Once again, Arizona’s public education advocates find themselves in battle against those in the Legislature seeking to commercialize our district schools. The worst threat this year is a replay of last year’s failed attempt to fully expand Empowerment Scholarship Accounts (ESAs) to all Arizona students. This, despite the fact that vouchers will cost the state more…at least $1,000 more per student. This, despite the fact that according to the Pro-voucher Friedman Foundation, 58% of AZ ESA recipients have incomes ABOVE $57,000 (39% over $72,000 and 19% between $57,000 and $71,000.) And, only 15% of families that use vouchers have an income lower than $28,000. Not surprising actually, when the average private school in Arizona costs $6,000 at the elementary level and $18,000 at the high school level. A $5,200 to $5,900 voucher just doesn’t go far enough for those without means.
And, as if that isn’t enough, the New York Times (NYT) just reported, “a wave of new research has emerged suggesting that private school vouchers may harm students who receive them.” An examination of an Indiana voucher program which grew to tens of thousands of students under then Governor Pence, produced significant losses in achievement in mathematics on the part of voucher students who transferred to private schools. There was also no improvement in reading.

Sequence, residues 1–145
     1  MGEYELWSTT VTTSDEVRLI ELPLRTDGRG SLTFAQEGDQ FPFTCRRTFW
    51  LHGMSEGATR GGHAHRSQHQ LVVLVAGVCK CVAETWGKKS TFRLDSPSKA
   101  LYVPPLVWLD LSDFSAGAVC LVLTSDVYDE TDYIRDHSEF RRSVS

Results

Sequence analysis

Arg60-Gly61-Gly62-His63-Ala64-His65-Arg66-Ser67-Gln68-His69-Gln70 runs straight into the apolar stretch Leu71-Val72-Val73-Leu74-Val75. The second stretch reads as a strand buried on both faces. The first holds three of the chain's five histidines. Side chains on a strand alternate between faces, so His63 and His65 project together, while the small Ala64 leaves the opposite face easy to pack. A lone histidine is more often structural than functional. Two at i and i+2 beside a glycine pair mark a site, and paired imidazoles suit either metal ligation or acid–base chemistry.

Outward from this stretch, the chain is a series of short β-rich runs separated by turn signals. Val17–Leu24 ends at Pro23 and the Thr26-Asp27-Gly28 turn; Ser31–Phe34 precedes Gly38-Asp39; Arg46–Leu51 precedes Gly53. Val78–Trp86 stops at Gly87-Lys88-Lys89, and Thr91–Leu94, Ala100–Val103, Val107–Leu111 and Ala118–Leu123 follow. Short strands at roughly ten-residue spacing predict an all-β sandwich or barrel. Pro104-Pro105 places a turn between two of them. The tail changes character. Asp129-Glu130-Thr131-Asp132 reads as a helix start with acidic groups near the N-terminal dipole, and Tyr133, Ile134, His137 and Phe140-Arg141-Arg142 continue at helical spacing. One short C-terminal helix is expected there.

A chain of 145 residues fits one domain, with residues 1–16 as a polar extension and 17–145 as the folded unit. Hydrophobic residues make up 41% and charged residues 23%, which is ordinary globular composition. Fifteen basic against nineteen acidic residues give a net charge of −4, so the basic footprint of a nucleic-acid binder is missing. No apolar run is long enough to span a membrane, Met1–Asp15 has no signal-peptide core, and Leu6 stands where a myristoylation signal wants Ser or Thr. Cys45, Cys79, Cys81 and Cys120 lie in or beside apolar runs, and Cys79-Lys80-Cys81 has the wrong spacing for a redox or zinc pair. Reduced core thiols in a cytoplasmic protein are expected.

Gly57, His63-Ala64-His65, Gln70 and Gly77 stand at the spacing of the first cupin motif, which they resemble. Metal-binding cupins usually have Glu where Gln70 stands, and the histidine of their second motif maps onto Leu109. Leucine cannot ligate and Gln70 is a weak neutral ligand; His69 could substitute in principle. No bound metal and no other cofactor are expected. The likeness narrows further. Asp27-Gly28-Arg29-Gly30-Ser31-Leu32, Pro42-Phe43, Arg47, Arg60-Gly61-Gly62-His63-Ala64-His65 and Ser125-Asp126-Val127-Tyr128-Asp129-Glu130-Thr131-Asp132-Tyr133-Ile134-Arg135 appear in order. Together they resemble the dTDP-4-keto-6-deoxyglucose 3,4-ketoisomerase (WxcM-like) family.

Then in Louisiana in early 2016, researchers found “large negative results in both reading and math” for those students on vouchers. The NYT quoted Martin West, a professor at the Harvard Graduate School of Education, as saying the negative voucher effects in Louisiana were, “as large as any I’ve seen in the literature.” He wasn’t just comparing voucher programs, but rather the Louisianna voucher experience against “the history of American education research.”
Likewise, in June of 2016, the Thomas B. Fordham Institute, a conservative think tank and school choice proponent, looked at a large voucher program in Ohio. They found that, “Students who use vouchers to attend private schools have fared worse academically compared to their closely matched peers attending public schools.”
Maybe the schools “were unusually bad and eager for revenue” posits the NYT, but that just shows that “exposing young children to the vagaries of private-sector competition is inherently risky. I love the NYT’s explanation of how ”the free market often does a terrible job of providing basic services to the poor – see, for instance, the lack of grocery stores and banks in many low-income neighborhoods.” Why should we expect it to be different for education? I can see it now. Gourmet grocery stores and boutique bank equivalent private schools in affluent areas and the Circle K and payday loan operation version of underfunded public schools where people have no other real option. I know there are plenty of people who see nothing wrong with this scenario (many of them work at the state Capitol), but it IS wrong and it is not in the best interest of our people, our communities, our state, or our nation.
Right. Yes. So right.